PARIS – Named for its proximity to a square in the French capital’s 13th arrondissement, which honours the tragic 12th-century romance of Héloïse and Abélard, Stéphane Malka’s design for a modular workspace was intended as an entirely blank canvas. Occupants at La Nouvelle Héloïse – currently used primarily by a digital-training company – simply need to add furniture to activate its adaptable contours. Modularity comes in the form of Malka’s patented mur mobile or ‘movable wall’ system: MuMo. His adjustable floor-to-ceiling walls permit diverse configurations, ranging from one open room suitable as a showroom, for instance, to smaller spaces for hosting meetings and training sessions.
Like the doomed lovers of long ago, walls unite and separate, barely touching as they rotate three-dimensionally. Black arcs on the floor and ceiling articulate the axes of each movable element, acting as a graphic user manual. The monochromatic palette recalls the bold geometries of 1960s pop culture, lending a sense of déjà vu to the scheme’s advanced technology.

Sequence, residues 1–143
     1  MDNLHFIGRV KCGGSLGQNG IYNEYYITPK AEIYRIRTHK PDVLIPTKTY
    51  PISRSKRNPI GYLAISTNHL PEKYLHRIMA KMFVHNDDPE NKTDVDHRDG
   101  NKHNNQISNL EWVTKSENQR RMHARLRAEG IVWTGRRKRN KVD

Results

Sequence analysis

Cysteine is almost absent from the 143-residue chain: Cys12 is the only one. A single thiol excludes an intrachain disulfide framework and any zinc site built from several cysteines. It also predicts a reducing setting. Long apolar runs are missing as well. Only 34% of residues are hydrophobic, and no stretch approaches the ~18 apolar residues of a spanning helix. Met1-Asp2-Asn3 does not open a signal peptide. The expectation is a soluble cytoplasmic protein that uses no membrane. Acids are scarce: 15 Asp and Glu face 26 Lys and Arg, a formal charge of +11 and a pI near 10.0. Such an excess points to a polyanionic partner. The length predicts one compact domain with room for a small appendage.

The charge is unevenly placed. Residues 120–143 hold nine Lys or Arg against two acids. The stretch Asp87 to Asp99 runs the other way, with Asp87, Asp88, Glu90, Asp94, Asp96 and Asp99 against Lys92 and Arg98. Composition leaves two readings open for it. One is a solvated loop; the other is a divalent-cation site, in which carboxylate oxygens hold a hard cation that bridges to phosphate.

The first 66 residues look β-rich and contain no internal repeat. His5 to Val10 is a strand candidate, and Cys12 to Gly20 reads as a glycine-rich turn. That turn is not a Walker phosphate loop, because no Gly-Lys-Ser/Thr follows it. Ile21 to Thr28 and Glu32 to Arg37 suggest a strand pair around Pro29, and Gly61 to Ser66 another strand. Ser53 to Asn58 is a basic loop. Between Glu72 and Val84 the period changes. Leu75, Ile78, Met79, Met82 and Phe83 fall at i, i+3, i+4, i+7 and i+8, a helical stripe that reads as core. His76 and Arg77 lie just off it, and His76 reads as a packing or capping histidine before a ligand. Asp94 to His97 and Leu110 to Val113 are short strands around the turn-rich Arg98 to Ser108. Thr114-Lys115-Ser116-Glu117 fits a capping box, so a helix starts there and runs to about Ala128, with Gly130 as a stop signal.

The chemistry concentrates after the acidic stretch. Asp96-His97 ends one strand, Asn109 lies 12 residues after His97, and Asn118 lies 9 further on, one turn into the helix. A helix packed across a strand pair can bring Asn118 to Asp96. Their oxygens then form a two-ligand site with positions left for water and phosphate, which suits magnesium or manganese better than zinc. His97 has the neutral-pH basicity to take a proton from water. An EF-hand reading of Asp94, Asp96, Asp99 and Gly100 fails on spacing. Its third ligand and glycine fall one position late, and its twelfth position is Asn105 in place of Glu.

Malka, who enjoys subverting ideas of what is known, describes the resulting juxtaposition as a ‘familiar future’. While developing the project, he played with visual orientation, allowing the black and white patterned surfaces to amplify the optical illusion afforded by the grid of shifting components and curved forms. ‘I wanted to create a type of labyrinth in which people aren’t sure where they’ve come from.’
Photos Laurent Clement
This article debuted in Frame #112 alongside many other inspirational interviews and projects. Find your copy in the online Frame store.
More great office designs feature in Frame's The Other Office 2, and there is lots of workspace food-for-thought in the forthcoming must-read book Spaces for Innovation.